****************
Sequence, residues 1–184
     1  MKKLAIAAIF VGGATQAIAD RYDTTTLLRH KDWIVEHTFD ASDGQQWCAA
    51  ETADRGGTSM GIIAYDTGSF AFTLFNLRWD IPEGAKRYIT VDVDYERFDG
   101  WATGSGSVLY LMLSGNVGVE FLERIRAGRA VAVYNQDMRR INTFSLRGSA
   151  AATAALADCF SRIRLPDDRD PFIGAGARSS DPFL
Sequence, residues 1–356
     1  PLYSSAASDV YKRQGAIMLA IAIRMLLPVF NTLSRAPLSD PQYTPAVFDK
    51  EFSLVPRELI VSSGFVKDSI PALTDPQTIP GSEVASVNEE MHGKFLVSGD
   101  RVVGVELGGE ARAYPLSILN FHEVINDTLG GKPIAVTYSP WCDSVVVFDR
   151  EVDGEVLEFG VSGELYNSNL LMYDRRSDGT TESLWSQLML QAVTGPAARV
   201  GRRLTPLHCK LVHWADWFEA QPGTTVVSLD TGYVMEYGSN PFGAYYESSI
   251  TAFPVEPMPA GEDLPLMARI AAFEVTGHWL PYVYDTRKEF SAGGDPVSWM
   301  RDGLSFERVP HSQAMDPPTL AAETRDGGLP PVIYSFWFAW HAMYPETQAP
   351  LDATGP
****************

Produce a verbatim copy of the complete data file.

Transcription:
Sequence, residues 1–184
     1  MKKLAIAAIF VGGATQAIAD RYDTTTLLRH KDWIVEHTFD ASDGQQWCAA
    51  ETADRGGTSM GIIAYDTGSF AFTLFNLRWD IPEGAKRYIT VDVDYERFDG
   101  WATGSGSVLY LMLSGNVGVE FLERIRAGRA VAVYNQDMRR INTFSLRGSA
   151  AATAALADCF SRIRLPDDRD PFIGAGARSS DPFL
Sequence, residues 1–356
     1  PLYSSAASDV YKRQGAIMLA IAIRMLLPVF NTLSRAPLSD PQYTPAVFDK
    51  EFSLVPRELI VSSGFVKDSI PALTDPQTIP GSEVASVNEE MHGKFLVSGD
   101  RVVGVELGGE ARAYPLSILN FHEVINDTLG GKPIAVTYSP WCDSVVVFDR
   151  EVDGEVLEFG VSGELYNSNL LMYDRRSDGT TESLWSQLML QAVTGPAARV
   201  GRRLTPLHCK LVHWADWFEA QPGTTVVSLD TGYVMEYGSN PFGAYYESSI
   251  TAFPVEPMPA GEDLPLMARI AAFEVTGHWL PYVYDTRKEF SAGGDPVSWM
   301  RDGLSFERVP HSQAMDPPTL AAETRDGGLP PVIYSFWFAW HAMYPETQAP
   351  LDATGP